by Charles A.M. Meszoely and Lawrence B. Mish*
Even the casual observer cannot fail to notice the great variety of trees in the Great Woods. Oaks predominate on uplands, beeches on slopes and flatlands, red maples in swamps and white pine and red cedar in old fields. Dense brush covers large areas and many of the swamps and flatlands are jungled with greenbrier tangles. One hundred species of trees and shrubs have been identified in the Great Woods. A few beeches are carved with 70 year-old dates and the oldest trees (mostly beeches) are some 150 years old. Among the less common trees are tupelo, hemlock, yellow birch, flowering dogwood, and mountain laurel.
The variety of trees and shrubs is caused by differences in soil types, terrain, surface water and exposure. Time and man are also involved. As cleared fields are abandoned they follow predictable stages in their return to forest. Each of these stages can be found somewhere in the Great Woods.
In much of the Great Woods, the first stage of the return to forest began soon after the farmers left for better paying jobs in factories and mills toward the latter half of the 19th century. Red cedars and various woody shrubs staked claims in the middle of the abandoned fields, while birch, oak, maple and pine slowly invaded from the edges. During the second or intermediate stage a mixture of faster growing evergreens and smaller deciduous trees developed. The final stage appeared as the oaks, beeches and maples grew larger, and forced out many of the evergreens and shrubs. Much of the woods is at present still in the intermediate stage, the transition having slowed because of the extensive lumbering and charcoal operations of the early 20th century.
The wide variety of plant communities in the Great Woods increases the variety of birds and mammals. Pheasant, meadowlarks, woodchucks and field mice prefer open spaces. Red squirrels are found in the pine stands, and gray squirrels, deer and grouse are attracted by the acorns of the oaks. The stone walls are a haven for small rodents such as white-footed mice and chipmunks and the blue jay seems to be everywhere.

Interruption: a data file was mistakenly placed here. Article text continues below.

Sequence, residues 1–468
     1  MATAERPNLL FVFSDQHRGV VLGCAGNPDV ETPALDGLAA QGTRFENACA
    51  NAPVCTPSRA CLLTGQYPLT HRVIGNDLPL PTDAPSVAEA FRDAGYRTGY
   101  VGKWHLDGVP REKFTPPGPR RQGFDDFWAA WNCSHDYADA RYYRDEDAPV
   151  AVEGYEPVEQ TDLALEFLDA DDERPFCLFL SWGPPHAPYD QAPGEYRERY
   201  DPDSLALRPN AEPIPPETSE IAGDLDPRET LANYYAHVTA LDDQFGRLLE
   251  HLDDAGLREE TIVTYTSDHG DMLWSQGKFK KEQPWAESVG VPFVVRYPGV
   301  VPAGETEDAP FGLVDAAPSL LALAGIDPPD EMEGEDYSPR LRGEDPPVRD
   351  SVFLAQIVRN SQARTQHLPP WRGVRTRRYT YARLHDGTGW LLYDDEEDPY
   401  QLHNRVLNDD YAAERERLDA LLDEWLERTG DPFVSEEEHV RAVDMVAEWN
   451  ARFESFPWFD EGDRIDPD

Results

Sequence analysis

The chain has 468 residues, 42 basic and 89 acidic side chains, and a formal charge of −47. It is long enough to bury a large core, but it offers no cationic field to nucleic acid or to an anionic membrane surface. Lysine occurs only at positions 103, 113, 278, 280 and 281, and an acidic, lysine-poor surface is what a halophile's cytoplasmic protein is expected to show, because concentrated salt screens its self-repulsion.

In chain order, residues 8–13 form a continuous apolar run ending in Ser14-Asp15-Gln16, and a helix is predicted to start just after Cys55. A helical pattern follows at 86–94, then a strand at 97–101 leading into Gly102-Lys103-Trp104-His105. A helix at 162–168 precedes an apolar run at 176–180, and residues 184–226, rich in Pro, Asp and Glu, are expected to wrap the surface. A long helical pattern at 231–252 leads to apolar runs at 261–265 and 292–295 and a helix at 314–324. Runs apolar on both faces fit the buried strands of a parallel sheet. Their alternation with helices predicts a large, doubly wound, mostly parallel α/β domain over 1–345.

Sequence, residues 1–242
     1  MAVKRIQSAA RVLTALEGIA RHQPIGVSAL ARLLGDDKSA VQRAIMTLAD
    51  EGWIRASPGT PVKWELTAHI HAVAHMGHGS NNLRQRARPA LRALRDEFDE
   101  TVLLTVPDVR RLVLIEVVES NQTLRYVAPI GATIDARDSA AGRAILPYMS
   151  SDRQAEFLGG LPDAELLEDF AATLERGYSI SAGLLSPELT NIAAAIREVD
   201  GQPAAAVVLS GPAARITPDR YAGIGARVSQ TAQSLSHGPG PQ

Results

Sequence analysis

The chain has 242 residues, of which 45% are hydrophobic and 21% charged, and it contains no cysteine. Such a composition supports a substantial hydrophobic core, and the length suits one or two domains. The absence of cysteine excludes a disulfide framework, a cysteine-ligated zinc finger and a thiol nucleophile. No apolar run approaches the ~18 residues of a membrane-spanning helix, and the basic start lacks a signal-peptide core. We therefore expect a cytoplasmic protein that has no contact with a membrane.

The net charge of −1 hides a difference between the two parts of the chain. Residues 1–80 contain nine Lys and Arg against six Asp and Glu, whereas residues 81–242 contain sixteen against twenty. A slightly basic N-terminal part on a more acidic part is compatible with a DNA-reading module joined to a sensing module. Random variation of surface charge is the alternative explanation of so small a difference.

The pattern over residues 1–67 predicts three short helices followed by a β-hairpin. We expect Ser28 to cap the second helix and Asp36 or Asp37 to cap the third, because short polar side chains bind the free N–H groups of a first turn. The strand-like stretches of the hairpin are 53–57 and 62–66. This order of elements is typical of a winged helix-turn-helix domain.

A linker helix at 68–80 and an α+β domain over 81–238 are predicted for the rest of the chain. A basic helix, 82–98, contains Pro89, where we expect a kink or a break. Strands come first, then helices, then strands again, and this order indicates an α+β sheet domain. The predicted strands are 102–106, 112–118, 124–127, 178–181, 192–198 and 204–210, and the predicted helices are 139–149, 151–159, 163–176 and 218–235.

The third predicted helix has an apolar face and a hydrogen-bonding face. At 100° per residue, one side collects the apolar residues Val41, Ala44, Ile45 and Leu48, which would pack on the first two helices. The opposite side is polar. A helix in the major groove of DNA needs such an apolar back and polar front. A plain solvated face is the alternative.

Abundance is as important as variety. All animals regardless of their eating habits depend ultimately upon plants for food. The fox may eat a gray squirrel which gathered energy from acorns. As energy moves up the food chain from plants (producers) to herbivores (primary consumers) to carnivores (secondary consumers), losses occur. For example, only 10 per cent of the vegetation eaten by a rabbit becomes rabbit. Thus a great deal of plant material is required to maintain animal populations.
Many animals are also dependent upon plants for shelter. They build nests in branches, live in the holes of trees and find refuge under low hanging limbs.
There are values to man as well as to wildlife in the vegetation of the Great Woods. One full-grown tree has the cooling effect of several air conditioners. It is no coincidence that the summer air in Mansfield and Norton is several degrees cooler than in Boston. The cooling involves the conversion and recycling of liquid water to water vapor, much as perspiring cools human beings on a smaller scale. Besides cooling the air, trees clean the air of many air pollutants. Trees also help control noise pollution by muffling the sound produced by cars and industry.
Green acreages, such as the Great Woods, are a valuable asset in combating pollutions caused by our industrial, automobile-oriented society. The less the disturbance of the Great Woods, the greater the health and well-being of the people who live around it and the animals and plants that live in it.
*Charles A.M. Meszoely, Ph.D., is an Associate Professor of Biology at Northeastern University. He teaches a course on Environment and Man and is a Mansfield resident.
Lawrence B. Mish, Ph.D., is a Professor of Biology at Bridgewater State College